WHY   I used the tight frame on feet to apply Transportation Theory (Green, M. C., & Brock, T. C., 2000), a psychological process where the viewer experiences mental and emotional immersion in a narrative. They temporarily lose awareness of their immediate surroundings and become psychologically transported into the story world, increasing persuasion and behavior change, and reducing skepticism.

HOW   Arri Alexa cinema camera on steadicam rig with 21-person production crew, shot across twelve locations over three days. 

ARTISTIC SIGNIFICANCE   This film pushed the boundaries of the cinematic frame by focusing myopically on feet while exploring a narrative arc. To evoke emotion without seeing faces and with minimal dialogue, we used sound design, music, and pacing to communicate story beats; like when the protagonist hustles out of her waitressing job and runs through the hallways of the hospital to see her dying father.

Stories allow us to project our own perspective into a hypothetical reality to model emotions and behavior (Murray, J. 1997). But this perspective switching only works if the story feels real. The majority of my films use a documentary-based approach when capturing and constructing the narrative because the subject’s natural authenticity allows viewers to immerse into the story and fuze with their perspective more easily. My “docu-narrative” process is consistent across mediums, forming the backbone of my XR pieces too.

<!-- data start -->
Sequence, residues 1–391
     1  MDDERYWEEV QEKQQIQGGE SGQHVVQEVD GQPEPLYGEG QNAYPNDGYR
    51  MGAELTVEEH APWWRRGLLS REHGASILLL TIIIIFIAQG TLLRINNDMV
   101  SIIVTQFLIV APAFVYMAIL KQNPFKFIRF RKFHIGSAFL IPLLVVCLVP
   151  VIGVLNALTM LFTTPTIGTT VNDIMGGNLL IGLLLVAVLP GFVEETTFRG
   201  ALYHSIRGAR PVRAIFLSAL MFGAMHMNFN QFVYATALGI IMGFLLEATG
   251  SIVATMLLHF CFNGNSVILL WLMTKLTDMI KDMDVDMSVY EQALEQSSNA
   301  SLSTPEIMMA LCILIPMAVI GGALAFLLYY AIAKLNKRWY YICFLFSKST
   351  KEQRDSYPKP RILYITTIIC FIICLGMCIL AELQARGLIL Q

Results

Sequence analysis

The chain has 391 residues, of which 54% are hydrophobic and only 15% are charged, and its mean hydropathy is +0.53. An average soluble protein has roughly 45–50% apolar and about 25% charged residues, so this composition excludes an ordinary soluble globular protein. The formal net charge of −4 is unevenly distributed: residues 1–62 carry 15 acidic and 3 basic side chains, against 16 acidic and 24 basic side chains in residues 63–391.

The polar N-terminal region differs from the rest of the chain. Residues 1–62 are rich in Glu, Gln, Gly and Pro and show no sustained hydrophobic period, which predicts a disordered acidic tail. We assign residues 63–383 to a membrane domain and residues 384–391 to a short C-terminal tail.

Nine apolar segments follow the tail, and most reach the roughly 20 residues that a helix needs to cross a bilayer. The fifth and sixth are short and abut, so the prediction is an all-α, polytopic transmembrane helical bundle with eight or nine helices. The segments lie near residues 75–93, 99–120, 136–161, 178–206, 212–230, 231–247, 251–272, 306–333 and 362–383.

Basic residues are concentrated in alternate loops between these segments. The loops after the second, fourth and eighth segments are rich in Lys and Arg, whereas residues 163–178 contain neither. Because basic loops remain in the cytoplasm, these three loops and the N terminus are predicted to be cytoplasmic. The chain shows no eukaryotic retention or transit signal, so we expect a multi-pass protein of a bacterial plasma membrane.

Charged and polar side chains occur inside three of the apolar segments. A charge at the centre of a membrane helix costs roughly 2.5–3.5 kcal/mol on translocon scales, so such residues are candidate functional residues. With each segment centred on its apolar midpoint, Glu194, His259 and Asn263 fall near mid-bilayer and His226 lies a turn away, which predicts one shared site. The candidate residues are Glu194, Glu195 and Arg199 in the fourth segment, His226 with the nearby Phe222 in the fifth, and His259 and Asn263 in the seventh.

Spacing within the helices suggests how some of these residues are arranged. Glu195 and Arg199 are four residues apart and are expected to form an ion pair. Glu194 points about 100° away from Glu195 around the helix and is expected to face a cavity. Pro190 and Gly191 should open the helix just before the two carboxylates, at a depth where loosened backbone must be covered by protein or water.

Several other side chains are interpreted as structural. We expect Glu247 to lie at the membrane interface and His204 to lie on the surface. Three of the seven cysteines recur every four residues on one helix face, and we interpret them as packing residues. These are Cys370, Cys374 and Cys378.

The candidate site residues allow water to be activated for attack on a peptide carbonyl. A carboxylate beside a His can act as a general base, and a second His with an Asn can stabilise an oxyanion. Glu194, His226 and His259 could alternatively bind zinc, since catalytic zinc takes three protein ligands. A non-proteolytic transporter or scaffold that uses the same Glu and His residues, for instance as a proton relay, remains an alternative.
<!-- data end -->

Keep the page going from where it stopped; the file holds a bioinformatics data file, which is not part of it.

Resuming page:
Creative Directors Wyatt Roy, Kris Cheng, Garrett Gunther
Producer Briene Lermitte
Director Pete Lee
Production Company Scandinavia
Editors Wyatt Roy, Pete Lee
Sound Design Jeremiah Moore
Colorist Ayumi Ashley

Case Study 6: Sorry (Interactive)

Interactive website that teaches you how to give better apologies

LAUNCH   June 2020

WHAT   An interactive, completely private, locally-cached web app that teaches you the rules for writing a healing apology while helping you craft it.

WHY   It’s hard to say sorry, and even harder to do it right. An apology can be a gift for the person you've hurt, yet often we invalidate our own efforts to apologize by burdening the receiver with our emotions (“I feel terrible”), asking for anything in return (“Please forgive me”), or explaining our actions (“I didn’t know”) . 

I was inspired by Brené Brown and Harriet Lerner’s research (Brown, 2020) into the effects of apologizing, which showed that skillful apologies can be a valuable tool for building and repairing relationships. I found their insights helpful, but hard to remember. As a narrative technologist, I thought that an interactive digital tool would be a better platform than a linear medium, like Brene’s podcast, for delivering the training. 

We distilled the core components of a psychologically healing apology into a step-by-step process, then built a mobile and desktop web app in ReactJS that is free to use and easy to start. 


Creative Directors Wyatt Roy and Luis Zanforlin
Lead Developer Gordon Lanza

Case Study 7: Tonos (Interactive)

Mobile app that records your emotions as music

LAUNCH   January 2022

WHAT   Tonos is a music-based meditation app that helps you find the sound of your feelings in order to process them more effectively. A voice guides you through multiple steps to identify your emotional states, think through them, and translate them into music.